Although Max made it to intensive care, where he remained for five days, he never regained consciousness. We eventually found out that he had an undiagnosed heart condition, which was the cause of the sudden cardiac arrest.

"We were both 33 when Max passed away, and on the brink of countless new chapters and adventures."

Around two weeks later, the country went into lockdown for the first time. Although the early days and weeks remain very hazy, there were a couple of things that I’ll always remember. The outpouring of love from family and friends, and their ability to shield me from absorbing what was going on in the outside world. And, my repeated attempts to rewrite the narrative, convinced that I could somehow change the order of events, cheat time and bring Max back.

One of the hardest things at that time was hearing people say how much they were looking forward to things ‘getting back to normal’. Whenever anyone would talk about how frustrating or boring they had found lockdown, or how they couldn’t wait to start ‘living’ again, I remember feeling this rage inside me, because Max would never experience that.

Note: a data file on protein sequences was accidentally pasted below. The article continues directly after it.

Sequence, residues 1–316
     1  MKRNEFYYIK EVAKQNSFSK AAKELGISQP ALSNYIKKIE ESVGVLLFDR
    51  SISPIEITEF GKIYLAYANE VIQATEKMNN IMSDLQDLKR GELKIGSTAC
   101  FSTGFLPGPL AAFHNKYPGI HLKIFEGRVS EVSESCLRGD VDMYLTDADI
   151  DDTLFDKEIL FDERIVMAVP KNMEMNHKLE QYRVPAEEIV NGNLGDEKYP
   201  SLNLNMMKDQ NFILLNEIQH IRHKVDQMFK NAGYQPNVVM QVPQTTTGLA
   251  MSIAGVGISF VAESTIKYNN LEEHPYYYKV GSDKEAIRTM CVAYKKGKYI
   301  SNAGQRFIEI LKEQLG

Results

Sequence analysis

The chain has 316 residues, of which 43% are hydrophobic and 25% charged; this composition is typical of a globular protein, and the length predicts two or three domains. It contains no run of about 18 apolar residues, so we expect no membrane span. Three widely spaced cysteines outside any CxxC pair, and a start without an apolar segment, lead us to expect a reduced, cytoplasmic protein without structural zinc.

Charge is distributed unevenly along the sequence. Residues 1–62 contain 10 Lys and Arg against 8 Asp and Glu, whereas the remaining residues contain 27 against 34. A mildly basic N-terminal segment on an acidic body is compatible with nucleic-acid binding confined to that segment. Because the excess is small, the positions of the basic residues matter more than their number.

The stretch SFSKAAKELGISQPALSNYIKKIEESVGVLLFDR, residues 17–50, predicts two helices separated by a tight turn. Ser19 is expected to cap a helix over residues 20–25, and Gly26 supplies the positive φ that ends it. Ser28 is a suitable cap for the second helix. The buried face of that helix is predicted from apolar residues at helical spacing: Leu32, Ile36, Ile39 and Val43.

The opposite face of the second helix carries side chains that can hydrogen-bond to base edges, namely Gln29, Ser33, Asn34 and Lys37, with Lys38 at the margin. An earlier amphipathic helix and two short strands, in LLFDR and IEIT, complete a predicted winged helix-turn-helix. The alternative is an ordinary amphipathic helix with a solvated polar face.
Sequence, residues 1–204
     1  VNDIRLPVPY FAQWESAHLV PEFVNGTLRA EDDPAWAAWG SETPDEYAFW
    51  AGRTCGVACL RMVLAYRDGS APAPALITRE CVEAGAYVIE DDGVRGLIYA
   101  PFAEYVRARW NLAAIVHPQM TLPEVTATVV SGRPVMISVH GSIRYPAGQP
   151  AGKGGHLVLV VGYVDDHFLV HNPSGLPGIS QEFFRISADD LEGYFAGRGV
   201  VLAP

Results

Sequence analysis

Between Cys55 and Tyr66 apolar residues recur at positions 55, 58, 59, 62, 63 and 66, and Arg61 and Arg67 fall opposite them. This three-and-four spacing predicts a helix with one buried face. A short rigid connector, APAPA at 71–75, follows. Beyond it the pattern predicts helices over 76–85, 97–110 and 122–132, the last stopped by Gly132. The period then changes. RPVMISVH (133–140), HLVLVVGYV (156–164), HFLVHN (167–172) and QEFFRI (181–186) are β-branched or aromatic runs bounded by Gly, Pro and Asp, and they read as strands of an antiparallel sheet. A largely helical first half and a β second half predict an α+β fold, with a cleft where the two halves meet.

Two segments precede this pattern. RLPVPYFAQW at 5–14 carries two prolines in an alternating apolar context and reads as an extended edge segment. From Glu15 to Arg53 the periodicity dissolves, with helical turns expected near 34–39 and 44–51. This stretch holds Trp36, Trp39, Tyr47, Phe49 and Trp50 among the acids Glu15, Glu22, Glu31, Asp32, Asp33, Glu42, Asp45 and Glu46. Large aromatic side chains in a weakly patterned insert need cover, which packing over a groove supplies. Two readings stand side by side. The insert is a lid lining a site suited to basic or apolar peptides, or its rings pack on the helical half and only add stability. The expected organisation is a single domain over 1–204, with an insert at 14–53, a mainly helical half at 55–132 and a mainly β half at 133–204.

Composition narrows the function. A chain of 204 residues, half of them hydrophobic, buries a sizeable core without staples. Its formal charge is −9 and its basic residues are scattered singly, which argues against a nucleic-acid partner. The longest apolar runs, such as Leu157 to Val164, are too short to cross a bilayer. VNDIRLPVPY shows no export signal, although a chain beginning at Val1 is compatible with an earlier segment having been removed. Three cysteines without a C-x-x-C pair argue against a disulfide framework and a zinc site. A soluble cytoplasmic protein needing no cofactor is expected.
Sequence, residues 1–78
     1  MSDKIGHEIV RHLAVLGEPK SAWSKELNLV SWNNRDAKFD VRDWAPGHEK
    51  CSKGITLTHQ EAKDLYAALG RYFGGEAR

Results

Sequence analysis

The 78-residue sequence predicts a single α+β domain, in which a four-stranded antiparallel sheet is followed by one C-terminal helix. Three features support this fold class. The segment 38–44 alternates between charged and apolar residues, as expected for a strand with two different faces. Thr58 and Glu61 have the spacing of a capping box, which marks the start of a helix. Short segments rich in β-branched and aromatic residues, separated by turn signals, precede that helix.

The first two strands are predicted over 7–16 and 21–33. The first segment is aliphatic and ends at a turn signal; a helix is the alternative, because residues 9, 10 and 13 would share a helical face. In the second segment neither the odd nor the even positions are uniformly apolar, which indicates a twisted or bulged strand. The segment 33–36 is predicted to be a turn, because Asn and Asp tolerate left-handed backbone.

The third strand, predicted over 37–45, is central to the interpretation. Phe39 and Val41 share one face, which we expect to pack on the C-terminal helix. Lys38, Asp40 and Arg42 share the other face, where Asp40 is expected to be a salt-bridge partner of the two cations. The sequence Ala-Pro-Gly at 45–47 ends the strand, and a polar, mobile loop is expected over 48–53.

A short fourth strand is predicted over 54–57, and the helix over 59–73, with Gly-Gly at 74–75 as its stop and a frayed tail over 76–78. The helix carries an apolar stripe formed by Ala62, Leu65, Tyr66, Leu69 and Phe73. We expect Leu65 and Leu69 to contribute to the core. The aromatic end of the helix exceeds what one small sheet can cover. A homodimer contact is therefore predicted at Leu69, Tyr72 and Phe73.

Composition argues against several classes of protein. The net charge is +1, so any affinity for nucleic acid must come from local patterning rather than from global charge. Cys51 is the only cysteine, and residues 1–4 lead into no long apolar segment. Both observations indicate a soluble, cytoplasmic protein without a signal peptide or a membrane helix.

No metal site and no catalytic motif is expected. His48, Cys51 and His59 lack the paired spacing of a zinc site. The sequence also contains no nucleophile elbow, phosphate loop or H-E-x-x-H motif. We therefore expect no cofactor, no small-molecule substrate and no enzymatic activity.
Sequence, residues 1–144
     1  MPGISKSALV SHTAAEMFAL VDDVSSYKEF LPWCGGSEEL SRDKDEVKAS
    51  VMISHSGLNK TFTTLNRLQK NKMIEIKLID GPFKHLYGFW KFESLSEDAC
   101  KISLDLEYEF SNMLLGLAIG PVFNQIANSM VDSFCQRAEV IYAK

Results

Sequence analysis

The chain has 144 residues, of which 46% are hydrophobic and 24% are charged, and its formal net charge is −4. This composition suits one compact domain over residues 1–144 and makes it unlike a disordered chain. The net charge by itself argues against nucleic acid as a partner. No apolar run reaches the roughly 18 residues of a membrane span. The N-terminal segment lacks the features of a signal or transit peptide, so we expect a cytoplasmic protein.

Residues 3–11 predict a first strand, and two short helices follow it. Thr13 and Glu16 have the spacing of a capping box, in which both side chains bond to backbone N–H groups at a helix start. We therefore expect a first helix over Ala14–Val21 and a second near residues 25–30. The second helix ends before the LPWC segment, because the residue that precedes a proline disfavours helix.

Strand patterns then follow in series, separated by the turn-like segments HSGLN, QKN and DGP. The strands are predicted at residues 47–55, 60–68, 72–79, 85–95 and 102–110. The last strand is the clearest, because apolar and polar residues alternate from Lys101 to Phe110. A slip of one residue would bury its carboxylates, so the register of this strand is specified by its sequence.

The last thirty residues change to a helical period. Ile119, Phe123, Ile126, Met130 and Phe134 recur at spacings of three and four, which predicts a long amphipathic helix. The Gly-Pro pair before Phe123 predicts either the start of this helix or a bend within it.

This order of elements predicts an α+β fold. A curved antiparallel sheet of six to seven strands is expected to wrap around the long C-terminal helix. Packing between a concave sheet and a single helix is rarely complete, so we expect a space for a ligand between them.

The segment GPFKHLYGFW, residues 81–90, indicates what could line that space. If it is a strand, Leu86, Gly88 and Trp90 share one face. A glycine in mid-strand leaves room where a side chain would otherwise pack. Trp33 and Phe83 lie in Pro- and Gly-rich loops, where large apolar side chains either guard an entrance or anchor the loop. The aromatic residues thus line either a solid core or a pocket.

The idea of my ‘new normal’ felt unbearable and impossible. I’d think about all of the paused weddings that eventually took place, and all of the babies that were conceived during lockdown.

"As well as losing Max, I’d lost our shared plans for the future."

All of those layers and losses made the grieving process incredibly complex. Due to the age I was when Max passed away, it was inevitable that the pregnancy announcements in my social circle would soon begin. I’m fortunate that everyone I am close to told me in the kindest, most sensitive way, but the underlying pain that accompanied each and every announcement was always there. I wasn’t amongst that friendship group in the same way anymore, and the world felt like an incredibly lonely place without Max.